Although the war on drugs reached its publicity peak in the late 1980s, it continues to fuel a steady increase in the U.S. prison population. The Bureau of Justice Statistics recently announced that the number of inmates in state and federal prisons reached an all-time high of 883,593 at the end of 1992. That's 329 per 100,000 U.S. residents, up from 139 in 1980.
The incarceration rate is growing even though personal and household crimes have declined by about 25 percent since 1980. Justice Department statistics show that the growth in the prison population is largely due to drug arrests, which more than doubled during the '80s.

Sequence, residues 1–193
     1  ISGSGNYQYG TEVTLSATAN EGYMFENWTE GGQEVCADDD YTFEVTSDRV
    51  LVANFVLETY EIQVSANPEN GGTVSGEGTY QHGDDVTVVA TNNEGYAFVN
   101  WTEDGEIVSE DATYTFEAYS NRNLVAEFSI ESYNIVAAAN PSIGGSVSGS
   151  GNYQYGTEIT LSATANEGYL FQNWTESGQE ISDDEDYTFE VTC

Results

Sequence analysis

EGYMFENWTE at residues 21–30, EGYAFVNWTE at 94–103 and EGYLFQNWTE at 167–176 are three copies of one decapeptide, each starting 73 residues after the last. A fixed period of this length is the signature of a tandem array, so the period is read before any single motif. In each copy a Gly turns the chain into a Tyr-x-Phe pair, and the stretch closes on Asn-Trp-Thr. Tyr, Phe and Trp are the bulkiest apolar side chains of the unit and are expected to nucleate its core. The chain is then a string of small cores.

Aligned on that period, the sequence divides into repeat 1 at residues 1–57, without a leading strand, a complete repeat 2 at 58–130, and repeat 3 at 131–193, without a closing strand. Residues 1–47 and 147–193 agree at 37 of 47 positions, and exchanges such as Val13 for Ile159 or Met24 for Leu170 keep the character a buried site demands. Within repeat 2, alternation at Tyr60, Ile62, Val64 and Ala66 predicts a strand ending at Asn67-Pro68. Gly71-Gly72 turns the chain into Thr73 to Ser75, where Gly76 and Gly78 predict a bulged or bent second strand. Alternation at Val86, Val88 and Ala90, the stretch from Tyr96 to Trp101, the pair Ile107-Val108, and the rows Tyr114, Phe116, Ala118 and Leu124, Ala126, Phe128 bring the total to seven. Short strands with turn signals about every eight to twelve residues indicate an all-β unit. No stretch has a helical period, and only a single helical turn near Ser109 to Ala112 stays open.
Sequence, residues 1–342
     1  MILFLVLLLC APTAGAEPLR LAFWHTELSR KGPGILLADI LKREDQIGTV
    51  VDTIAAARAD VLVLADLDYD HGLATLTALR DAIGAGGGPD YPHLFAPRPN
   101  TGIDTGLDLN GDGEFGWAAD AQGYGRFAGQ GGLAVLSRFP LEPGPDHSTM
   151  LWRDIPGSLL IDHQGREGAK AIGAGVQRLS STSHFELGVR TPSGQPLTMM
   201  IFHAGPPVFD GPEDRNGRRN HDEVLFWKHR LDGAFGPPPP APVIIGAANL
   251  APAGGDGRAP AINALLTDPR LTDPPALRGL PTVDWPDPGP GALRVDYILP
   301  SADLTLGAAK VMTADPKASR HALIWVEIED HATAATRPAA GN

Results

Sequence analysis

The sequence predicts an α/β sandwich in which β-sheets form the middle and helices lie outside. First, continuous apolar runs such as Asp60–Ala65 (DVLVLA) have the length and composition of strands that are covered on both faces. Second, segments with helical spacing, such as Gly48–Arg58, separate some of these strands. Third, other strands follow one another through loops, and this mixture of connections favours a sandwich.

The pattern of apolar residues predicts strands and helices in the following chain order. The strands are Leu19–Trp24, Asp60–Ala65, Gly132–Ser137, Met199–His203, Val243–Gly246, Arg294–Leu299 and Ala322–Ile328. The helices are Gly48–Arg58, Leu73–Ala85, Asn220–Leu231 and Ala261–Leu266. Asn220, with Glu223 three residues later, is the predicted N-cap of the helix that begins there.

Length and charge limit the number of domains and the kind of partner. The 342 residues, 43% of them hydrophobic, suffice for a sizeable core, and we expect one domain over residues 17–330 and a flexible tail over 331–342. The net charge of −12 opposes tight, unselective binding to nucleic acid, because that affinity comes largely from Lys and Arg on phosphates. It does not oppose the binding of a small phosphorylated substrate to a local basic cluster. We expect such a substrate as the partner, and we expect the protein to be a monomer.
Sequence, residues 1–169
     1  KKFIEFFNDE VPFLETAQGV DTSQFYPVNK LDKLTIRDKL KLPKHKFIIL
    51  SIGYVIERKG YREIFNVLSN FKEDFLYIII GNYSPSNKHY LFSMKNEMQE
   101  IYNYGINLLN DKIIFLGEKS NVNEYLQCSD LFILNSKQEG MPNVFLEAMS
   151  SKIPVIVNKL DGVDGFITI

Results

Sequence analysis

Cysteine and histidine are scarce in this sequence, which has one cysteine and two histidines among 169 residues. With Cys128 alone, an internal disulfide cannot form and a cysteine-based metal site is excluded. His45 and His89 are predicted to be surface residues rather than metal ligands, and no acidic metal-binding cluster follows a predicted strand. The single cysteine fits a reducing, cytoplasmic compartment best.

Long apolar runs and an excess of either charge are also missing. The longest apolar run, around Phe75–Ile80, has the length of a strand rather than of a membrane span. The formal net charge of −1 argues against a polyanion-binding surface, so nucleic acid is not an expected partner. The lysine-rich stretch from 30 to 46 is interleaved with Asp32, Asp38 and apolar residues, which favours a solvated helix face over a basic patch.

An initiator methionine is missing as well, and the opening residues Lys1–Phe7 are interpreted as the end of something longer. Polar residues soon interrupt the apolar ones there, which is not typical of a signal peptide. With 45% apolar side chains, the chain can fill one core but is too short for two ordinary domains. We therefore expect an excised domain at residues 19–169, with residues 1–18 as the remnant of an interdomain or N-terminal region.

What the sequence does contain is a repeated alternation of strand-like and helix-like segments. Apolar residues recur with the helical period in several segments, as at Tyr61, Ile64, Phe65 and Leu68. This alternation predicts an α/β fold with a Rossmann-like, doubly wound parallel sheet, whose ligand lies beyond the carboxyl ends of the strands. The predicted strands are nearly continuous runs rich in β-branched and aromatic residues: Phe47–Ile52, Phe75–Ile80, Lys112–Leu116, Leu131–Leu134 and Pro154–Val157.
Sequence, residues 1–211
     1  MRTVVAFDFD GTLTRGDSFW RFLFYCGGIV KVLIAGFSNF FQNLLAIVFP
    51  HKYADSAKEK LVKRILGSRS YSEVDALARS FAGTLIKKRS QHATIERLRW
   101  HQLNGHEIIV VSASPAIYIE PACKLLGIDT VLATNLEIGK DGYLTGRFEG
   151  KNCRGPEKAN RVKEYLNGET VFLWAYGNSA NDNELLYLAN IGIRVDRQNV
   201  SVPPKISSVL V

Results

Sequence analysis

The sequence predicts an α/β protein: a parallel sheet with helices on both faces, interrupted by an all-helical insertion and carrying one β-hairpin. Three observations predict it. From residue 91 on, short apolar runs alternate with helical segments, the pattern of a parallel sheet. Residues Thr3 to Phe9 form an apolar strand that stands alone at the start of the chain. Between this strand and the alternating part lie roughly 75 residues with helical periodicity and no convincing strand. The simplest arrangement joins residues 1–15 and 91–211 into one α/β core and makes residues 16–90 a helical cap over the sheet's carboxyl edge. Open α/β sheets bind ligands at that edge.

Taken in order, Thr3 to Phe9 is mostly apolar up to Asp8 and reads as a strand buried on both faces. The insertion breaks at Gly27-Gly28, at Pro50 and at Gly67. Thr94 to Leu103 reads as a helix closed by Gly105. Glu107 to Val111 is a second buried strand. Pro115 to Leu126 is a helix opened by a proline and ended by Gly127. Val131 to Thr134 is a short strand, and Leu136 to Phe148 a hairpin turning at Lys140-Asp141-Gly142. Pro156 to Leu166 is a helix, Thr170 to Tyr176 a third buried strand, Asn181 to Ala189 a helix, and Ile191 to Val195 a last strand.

In 1990, for the first time, the number of people sent to state and federal prisons for drug offenses (103,800) exceeded the number imprisoned for property crimes (102,400) or violent crimes (87,200). One-third of state felony convictions in 1990 were for drug offenses. Between 1986 and 1990, state felony convictions rose by 42 percent. Drug trafficking, which represented 13 percent of convictions in 1986 and 20 percent in 1990, accounted for 37 percent of the increase.
These arrests and convictions have had a predictable effect on the prison population. The share of state prisoners serving time for drug offenses rose from 9 percent in 1986 to 21 percent in 1990. The proportion of drug offenders in federal prisons increased from 25 percent in 1980 to 54 percent in 1990.
This article originally appeared in print under the headline "Packing the Prisons".